LSU is hiring Brian Kelly away from Notre Dame, a stunning move by one of the most accomplished coaches in college football jumping from the sport's most storied program to a Southeastern Conference powerhouse.
The move was confirmed Monday night by a person familiar with the decision who spoke to The Associated Press on condition of anonymity because neither school was prepared to make an official announcement. Yahoo! Sports first reported the hire.
It was the second bombshell in college football in as many days, coming a little more than 24 hours after Southern California pulled Lincoln Riley away from Oklahoma. LSU might have topped it by luring Kelly from South Bend to Baton Rouge.
The 60-year-old Kelly became the winningest coach in Notre Dame history earlier this season, surpassing Knute Rockne. In 12 seasons with the Fighting Irish, Kelly is 113-40, including the current run of five straight double-digit victory seasons.
Notre Dame completed an 11-1 season on Saturday and still is in contention to reach the College Football Playoff for the third time in the last four years.
Kelly, who did not return a text message sent by AP, was on the road recruiting for Notre Dame when the news broke.
No previous Notre Dame coach has left the Irish, winners of eight AP national championships, to take a job at another school since the AP poll started in 1936. Rockne's successor, Hunk Anderson, went from Notre Dame to North Carolina State after going 3-5-1 in 1933.
LSU's coaching search started in October, when it reached an agreement to part ways with coach Ed Orgeron at the end of the season. The change came less than two years after Coach O led the Tigers to a national championship.
LSU finished a 6-6 regular season on Saturday, upsetting Texas A&M at home in Orgeron's last game.
Kelly is agreeing to take over the Tigers just a few weeks after he had publicly dismissed the idea of moving on when asked about possibly being a candidate at USC.
“No. I mean, look, I think Mike Tomlin had the best line, right?” Kelly told reporters, referring to the Pittsburgh Steelers coach. "Unless that fairy godmother comes by with that $250 million check, my wife would want to take a look at it first. I’d have to run it by her.”
LSU paid Orgeron about $9 million this season, among the highest paid coaches in college football along with Alabama's Nick Saban, Clemson's Dabo Swinney and Texas A&M's Jimbo Fisher.
Orgeron was due to make an average of $7 million over the length of his contract but agreed to a $16.9 million buyout paid through 2025.
Kelly's full salary at Notre Dame, a private school, is unknown but it is believed to be north of $5 million per year.
In the past month alone, Michigan State has given Mel Tucker a 10-year, $95 million deal and Penn State extended James Franklin's contact to 10 years at $7.5 million per season. Those deals are similar to the 10-year guaranteed contract Fisher received from A&M when he was hired away from Florida State at the end of the 2017 season by then-Aggies' athletic director Scott Woodward.
Woodward is now the AD at LSU. There had been much speculation he would target Fisher again and rumors about Riley going to LSU had persisted for weeks.
Instead, Woodward landed Kelly, who is likely to be the next coach in line for a megadeal.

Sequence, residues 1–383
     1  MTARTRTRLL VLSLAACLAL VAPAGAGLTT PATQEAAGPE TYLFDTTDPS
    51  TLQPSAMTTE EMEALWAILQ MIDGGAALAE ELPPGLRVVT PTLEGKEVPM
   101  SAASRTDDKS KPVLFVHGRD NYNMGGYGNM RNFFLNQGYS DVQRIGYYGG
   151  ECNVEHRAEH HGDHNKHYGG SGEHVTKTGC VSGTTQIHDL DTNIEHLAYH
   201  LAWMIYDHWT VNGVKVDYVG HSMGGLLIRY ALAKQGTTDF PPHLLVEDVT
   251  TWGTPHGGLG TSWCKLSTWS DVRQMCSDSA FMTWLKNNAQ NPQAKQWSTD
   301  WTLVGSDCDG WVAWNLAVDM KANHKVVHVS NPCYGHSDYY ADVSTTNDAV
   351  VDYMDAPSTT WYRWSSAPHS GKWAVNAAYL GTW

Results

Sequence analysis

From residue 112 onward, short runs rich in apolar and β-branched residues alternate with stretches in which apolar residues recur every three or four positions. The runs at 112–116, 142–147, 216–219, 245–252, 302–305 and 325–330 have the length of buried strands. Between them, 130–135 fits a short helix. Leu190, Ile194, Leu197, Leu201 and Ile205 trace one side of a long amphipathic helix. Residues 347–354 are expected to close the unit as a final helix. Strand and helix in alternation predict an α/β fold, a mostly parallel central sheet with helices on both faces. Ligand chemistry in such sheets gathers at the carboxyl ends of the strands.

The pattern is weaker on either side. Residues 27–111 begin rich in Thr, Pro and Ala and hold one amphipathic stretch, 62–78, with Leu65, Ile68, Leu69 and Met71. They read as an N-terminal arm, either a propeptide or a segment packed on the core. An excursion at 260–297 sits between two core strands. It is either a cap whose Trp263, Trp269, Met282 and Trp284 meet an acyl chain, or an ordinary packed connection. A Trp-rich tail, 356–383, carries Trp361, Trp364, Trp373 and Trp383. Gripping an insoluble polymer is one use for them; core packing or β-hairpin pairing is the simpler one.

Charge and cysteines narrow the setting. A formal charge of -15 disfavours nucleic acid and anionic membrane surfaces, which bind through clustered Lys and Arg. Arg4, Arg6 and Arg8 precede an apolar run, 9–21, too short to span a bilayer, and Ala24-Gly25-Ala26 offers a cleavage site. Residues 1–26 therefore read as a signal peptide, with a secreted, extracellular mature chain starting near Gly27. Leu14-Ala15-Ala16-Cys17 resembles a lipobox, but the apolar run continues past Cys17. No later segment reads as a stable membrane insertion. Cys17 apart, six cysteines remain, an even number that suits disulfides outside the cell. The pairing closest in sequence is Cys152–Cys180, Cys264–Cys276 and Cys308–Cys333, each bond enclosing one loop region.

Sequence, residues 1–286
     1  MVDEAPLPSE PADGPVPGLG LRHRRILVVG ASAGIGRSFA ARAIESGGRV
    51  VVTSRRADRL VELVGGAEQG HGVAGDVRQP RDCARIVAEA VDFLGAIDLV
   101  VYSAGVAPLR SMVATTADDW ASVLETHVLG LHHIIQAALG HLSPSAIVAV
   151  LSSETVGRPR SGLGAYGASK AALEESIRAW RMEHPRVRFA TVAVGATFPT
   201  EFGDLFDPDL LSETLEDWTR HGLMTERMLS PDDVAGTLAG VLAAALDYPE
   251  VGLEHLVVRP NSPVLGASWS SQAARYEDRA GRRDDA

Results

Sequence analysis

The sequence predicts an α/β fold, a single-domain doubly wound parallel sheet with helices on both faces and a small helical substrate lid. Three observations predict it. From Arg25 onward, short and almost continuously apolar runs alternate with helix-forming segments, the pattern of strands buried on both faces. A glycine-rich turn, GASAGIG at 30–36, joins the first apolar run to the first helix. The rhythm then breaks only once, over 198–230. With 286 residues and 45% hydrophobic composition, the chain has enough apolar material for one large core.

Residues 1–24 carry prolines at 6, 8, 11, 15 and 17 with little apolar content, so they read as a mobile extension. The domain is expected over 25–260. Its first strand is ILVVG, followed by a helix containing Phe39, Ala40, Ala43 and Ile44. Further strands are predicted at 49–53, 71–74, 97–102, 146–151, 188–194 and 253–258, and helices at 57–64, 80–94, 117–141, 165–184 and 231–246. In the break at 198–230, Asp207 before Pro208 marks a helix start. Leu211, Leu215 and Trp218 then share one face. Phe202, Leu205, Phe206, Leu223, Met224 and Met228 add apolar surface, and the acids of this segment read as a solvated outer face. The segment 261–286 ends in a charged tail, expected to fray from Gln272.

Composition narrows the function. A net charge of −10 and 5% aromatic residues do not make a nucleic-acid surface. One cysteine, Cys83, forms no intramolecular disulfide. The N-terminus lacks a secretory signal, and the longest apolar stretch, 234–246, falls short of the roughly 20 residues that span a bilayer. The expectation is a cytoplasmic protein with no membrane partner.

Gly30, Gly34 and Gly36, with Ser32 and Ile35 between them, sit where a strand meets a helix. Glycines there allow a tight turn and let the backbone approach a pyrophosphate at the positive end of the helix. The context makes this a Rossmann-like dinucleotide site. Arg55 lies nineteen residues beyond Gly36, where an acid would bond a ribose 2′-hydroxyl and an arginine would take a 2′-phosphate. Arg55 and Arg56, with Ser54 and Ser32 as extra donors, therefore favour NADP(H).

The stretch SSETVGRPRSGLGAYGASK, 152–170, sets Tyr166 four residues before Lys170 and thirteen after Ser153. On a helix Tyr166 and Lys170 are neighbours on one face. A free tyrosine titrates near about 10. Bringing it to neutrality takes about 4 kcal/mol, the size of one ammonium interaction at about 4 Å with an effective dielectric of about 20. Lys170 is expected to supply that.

Fisher's move — a national championship-winning coach leaving one traditional power for another — has been a rarity in the history of college football.
Now there have been two similar shake-ups in a matter of days. The coaching carousel, sped up by everything from impatient athletic directors seeking a winner to the early signing period for recruits and the always-busy transfer portal, won't slow down any time soon. Oklahoma and Notre Dame are still among the top jobs in college football and filling them could tip more dominos around the country.
Kelly had brought stability and success to Notre Dame unlike the program had in almost two decades.
He has not been able to add a national championship, but the Fighting Irish have been winning at a clip they haven't reached since Lou Holtz led the program in the late 1980s and early 1990s. The Irish won their last national title in 1988 under Holtz.
Notre Dame ran through three coaches after Holtz, never coming close to sustained success.
Notre Dame hired Kelly away from Cincinnati to replace Charlie Weis after the 2009 season. It took a while for Kelly to find the right mix of coaching staff and recruiting strategy to turn the Irish into the perennial contenders. Since going 4-8 in 2016, the Irish are 54-9 under Kelly — virtually the same as the 55-10 record of Riley at Oklahoma.
At LSU, Kelly will follow Orgeron, who was a shooting star in Baton Rouge. The Cajun coach who grew up on the Bayou Lafourche and considered LSU his dream job won over skeptical fans and led one of the great college football teams in recent memory: The Tigers won the '19 national title, going 15-0 behind Heisman Trophy winner Joe Burrow.
LSU is not a place where only coaches with Southern roots can thrive. Les Miles was a Michigan man who coached at Oklahoma State before leading the Tigers to a national title. Saban, a West Virginia native, came from Michigan State to win a national championship at LSU.
Kelly, an Irish-Catholic Bostonian, has won national titles, too — at Division II Grand Valley State. He worked his way up from there to Central Michigan and then to Cincinnati, always winning more than the coaches who preceded him.
He did the same thing at Notre Dame, but the national championship has eluded him. As good as the Fighting Irish have been, they have been outclassed in two playoff games and a BCS title game against Alabama in the 2012 season.
Kelly will now try to fill the last remaining hole on his Hall of Fame resume at LSU, a school that has turned its last three coaches into national champions.